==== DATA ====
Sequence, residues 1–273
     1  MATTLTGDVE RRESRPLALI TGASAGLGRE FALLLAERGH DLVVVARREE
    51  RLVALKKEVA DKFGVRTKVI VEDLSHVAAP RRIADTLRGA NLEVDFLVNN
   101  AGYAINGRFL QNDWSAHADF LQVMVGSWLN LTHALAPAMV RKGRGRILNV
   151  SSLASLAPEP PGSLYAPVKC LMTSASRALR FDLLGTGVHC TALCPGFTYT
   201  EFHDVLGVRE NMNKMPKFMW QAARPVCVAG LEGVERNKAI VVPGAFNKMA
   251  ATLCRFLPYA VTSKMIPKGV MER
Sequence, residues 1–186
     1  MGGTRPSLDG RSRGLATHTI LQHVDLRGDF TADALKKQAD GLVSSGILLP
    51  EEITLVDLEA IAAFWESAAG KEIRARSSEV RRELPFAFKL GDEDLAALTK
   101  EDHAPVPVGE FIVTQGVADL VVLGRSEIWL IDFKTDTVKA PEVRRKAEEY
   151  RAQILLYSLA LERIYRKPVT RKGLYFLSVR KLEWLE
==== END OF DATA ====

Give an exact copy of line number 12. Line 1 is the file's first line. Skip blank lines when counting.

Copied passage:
   151  RAQILLYSLA LERIYRKPVT RKGLYFLSVR KLEWLE